Much of current popular golf instruction seems to be focused on rotation. Golfers are told to turn more as a remedy for nearly every flaw in the golf swing — from stopping a slice to hitting it farther, they are instructed to turn the shoulders more in the backswing and/or “clear the hips” as fast as they can in the downswing, meaning rotate as fast as possible to allow the arms to swing through.
In some cases, these cues MIGHT help the golfer improve. However, often times rotating the incorrect amount during a poor swing sequence is only part of the problem. This article will focus on the forward and backward bending motion of the spine, combined with rotating and tilting, that allow the golfer to make an effective motion that advances the ball consistently toward the target. The goal is to show you how the movement in the golf swing goes beyond just rotation so you can understand your swing and improve more quickly.
Golf is, by design, difficult. A golfer stands to the side of a ball that sits on the ground, bent forward some number of degrees, and swings an angled club around their body in an arc that hopefully bottoms out somewhere around the ball. Nothing about this motion is natural human movement. To make things simpler in diagnosing areas of the swing to work on, we use a motion measurement system to provide a 3-dimensional definition of the body’s movement. There are primary dimensions of motion: turning, tilting, and bending. We measure the amount of bend with 2 different sensors on the golfer’s back, one on the shoulders and one on the belt line.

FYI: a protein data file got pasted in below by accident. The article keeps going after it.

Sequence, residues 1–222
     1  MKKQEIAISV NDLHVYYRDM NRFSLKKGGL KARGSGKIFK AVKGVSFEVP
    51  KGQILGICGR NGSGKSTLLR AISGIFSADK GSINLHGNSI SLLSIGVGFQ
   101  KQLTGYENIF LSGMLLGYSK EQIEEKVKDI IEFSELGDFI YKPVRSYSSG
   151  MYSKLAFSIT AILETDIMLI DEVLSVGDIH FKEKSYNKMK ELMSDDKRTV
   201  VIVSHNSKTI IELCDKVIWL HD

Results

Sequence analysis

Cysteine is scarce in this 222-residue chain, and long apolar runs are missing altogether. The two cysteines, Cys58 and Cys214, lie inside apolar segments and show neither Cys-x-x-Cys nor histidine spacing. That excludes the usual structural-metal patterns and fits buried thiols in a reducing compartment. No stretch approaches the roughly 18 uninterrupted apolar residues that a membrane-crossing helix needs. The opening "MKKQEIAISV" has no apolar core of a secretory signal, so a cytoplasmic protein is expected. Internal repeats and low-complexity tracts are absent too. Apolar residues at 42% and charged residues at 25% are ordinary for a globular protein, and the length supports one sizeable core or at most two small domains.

To define what the motion of bending is for each golfer, we start by calibrating the sensors with the golfer standing straight up. As you would expect at this point, you can see the golfer has no bends, forward or backward (image 1 below). When the golfer sets up to the shot, they must bend forward (toward the ground) a certain number of degrees to allow them to hit the ground. Our Tour Average Database of swing measurements indicates that the average Tour player bends forward 41º at the shoulder sensor and about 16º at the hip sensor (image 2). Some golfers demonstrate more or less bend at setup, but all bend forward to some degree.
Understanding how the body bends forward and backward, in conjunction with tilting and turning, is extremely important for every golfer. It’s a major factor in three areas of the swing: generating speed (or more speed), controlling your ball flight, and determining where and how you hit the ground. The longest drivers typically have the most and the fastest rates of extension and flexion in their golf swings to aid in their distance. Golfer’s who stay in flexion with the knees and spine in the backswing will have a head that sways too far behind the golf ball when they just “turn,” and will in general have the shortest backswings and clubhead speeds. We measure the amount of forward and backward bend at GolfTEC to ensure our students don’t over or under-do the motions. As a coach, I want to help my students score better and enjoy the game more, and working on bends to hit the ball far enough to make the game easier is a key area to success.
Throughout the golf swing, the expert player will flex and extend the spine to help maintain inclination to the ground, make the swing longer or shorter, and add club head speed. They do this in conjunction with tilting and rotating to help create the synchronized and fluid motions that look so effortless to the observer. By understanding the swing is more than just rotation, you can start to improve faster and self-correct easier.
Talk to a GolfTEC Coach to measure your bends today!